It is now all about welfare economics and efficient delivery on ground
Hari Hara Mishra | March 15, 2022
After the results of the five state assembly elections were announced on March 10th, there has been so much analysis from several perspectives. But if it is to be summed up in just one word, it is ‘Labharthi’, either actual or latent, who have called the shots. ‘Labharthi’ is a Hindi word, which means ‘beneficiaries’ of welfare schemes of the government.
There are various ongoing central government schemes like PM Awas, PM Kisan, Ujjawala, Ayushman Bharat and Mudra loans, state pension schemes etc. These schemes worked well in ground, where BJP was in power in states, due to effective coordination and seamless flow of the direct benefits. The Double Engine, that is, the same ruling party at the centre and in states, helped more effective delivery of the services and giveaways.
According to estimates, on an average, people reportedly got around Rs 3 lakh in five years. And this explains the pro-incumbency voting, which voted all four BJP governments (in UP, Uttarakhand, Manipur, and Goa) back to power. In UP, for example, the number of Labharthi, excluding free vaccines, is estimated to be around 15 crore, who have got free ration, free treatment, and cash transfers to farmers etc. That number is huge if you see the total electorate of almost the same 15.03 crore in UP in 2022 assembly elections. Just to clarify from the statistical perspective, the estimate of beneficiaries is not unique numbers, as the same person could be beneficiary of multiple schemes and the same person could be counted as many times as many services he would have received. But still, quite a large chunk of the electorate would have benefited directly by one scheme or the other.
In Punjab, the lone state not governed by BJP and bereft of ‘Double Engine’, the electorate looked to AAP as an alternative, best suited to deliver welfare economics, like Rs 1,000 per month to every adult woman, aided by its focus on critical social factors like good public schools and accessible healthcare at doorstep. As published in this publication, based on an Oxfam report, the cost of schooling in a private school is 9 times higher than sending a child to a government school and affordable quality education in government schools is an aspiration for all:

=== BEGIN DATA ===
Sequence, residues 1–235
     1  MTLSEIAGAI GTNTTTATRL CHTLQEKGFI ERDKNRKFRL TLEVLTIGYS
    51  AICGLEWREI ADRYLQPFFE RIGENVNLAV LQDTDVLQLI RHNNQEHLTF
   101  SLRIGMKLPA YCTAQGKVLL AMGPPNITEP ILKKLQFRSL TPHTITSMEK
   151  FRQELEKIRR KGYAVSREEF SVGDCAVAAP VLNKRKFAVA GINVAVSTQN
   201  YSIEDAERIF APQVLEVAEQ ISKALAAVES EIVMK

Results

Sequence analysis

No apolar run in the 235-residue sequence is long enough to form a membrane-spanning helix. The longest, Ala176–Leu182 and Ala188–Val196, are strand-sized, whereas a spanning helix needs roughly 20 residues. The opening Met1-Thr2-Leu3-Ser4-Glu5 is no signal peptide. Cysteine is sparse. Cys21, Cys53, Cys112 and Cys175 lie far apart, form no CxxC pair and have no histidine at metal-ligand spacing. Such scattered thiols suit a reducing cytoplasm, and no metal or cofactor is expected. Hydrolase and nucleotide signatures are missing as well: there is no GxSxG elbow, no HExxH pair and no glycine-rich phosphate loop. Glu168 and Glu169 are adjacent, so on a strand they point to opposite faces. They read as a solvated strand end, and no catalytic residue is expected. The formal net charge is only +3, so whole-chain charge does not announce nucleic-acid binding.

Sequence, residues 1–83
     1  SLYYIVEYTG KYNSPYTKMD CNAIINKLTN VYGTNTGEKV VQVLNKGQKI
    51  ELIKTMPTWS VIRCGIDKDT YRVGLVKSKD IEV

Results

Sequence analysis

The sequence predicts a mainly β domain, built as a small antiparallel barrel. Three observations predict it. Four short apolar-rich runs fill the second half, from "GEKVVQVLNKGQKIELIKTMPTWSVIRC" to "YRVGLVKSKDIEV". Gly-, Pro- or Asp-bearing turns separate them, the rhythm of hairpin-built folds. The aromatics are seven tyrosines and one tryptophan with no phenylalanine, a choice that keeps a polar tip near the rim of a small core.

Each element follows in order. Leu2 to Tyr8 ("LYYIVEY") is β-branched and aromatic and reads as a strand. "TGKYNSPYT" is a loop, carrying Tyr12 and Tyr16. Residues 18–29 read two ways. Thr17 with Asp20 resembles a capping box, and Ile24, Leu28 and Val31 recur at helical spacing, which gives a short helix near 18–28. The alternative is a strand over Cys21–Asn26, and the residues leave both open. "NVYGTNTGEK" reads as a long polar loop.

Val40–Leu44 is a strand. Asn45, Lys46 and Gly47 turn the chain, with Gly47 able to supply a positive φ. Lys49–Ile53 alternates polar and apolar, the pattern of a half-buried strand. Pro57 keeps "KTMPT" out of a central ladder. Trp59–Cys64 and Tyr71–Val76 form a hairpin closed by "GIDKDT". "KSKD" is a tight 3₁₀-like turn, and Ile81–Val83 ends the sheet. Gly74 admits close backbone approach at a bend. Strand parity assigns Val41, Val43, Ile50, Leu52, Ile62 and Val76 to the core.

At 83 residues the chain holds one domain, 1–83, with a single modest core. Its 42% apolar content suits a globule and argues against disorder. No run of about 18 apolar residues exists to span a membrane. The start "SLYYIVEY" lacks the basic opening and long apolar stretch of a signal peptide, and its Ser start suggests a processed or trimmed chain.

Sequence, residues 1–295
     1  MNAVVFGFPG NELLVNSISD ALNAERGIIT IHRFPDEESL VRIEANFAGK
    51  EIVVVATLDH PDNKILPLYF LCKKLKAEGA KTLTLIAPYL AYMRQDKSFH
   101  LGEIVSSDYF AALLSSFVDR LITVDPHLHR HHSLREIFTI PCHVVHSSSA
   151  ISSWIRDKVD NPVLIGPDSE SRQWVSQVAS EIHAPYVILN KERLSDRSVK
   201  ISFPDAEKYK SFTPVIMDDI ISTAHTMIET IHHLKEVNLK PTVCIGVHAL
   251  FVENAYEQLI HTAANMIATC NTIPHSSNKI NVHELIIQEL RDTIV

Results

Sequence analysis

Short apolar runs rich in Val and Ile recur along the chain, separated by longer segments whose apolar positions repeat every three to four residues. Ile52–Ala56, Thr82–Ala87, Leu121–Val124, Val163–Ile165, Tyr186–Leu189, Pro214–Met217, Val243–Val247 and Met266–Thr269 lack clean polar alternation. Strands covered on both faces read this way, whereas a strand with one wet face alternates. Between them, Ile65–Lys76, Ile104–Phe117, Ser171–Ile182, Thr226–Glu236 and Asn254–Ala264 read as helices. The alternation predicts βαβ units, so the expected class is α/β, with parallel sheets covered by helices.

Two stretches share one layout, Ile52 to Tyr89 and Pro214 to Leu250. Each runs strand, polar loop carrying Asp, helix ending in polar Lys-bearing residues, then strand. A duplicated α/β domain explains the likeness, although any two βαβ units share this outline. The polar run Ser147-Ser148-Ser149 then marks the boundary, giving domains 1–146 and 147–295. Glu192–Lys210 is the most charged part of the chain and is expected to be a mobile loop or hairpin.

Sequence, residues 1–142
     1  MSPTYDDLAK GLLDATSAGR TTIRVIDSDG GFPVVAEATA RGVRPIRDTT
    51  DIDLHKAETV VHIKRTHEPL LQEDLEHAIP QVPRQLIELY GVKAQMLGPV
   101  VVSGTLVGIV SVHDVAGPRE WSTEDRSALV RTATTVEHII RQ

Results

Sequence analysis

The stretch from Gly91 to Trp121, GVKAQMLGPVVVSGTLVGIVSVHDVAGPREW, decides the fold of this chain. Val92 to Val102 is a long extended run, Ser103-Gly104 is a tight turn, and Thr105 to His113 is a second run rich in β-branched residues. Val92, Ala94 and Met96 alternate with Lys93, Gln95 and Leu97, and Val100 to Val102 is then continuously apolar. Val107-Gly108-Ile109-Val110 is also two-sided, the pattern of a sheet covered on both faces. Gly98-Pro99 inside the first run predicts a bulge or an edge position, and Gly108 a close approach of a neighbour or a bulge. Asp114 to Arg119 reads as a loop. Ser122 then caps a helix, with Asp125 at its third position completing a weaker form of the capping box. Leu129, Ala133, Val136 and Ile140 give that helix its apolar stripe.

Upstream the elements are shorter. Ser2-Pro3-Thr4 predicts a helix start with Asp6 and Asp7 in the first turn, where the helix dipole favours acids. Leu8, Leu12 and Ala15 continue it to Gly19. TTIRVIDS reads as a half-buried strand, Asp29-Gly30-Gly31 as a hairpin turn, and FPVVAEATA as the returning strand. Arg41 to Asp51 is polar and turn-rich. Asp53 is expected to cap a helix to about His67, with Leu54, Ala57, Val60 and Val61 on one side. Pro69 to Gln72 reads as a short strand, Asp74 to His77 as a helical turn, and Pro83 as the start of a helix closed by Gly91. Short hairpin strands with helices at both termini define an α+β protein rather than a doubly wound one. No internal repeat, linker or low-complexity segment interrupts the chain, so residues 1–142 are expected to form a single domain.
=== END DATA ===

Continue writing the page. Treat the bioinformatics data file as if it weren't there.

For those at the bottom of pyramid, a good healthcare system is an insurance against not falling back again into poverty, and good affordable schooling promises better future generations and have good electoral appeal.
In fact, if one analyses success of the longest-serving chief minister continuing as on date, Naveen Patnaik of Odisha, who has been in power continuously for last 22 years, the focus of his government has always been on successful implementation of welfare economics including ongoing schemes like ‘Kalia’, a welfare scheme for agriculturists, which influenced the shaping up of PM Kisan. The Odisha government has several welfare programmes including the state’s own food security and health insurance schemes reaching the last mile successfully.
The Covid pandemic, which hit crores of people at the fringe badly, has made voters more discerning. They have started rewarding those who reach out to them in times of need and help in their development. An honest intent, well thought-out programmes and effective delivery thereof – these are the factors what the large majority of poor look for.
For all the parties which need endorsement of the electorate, it is time to get back to basic welfare economics. They must pass the litmus test of either creating an enabling environment where people can develop and grow or support them in meeting their basic necessities of life. The India story is now both existential and aspirational.
Mishra, a policy analyst and columnist, is a topper in Political Science, from Sambalpur University, Odisha.
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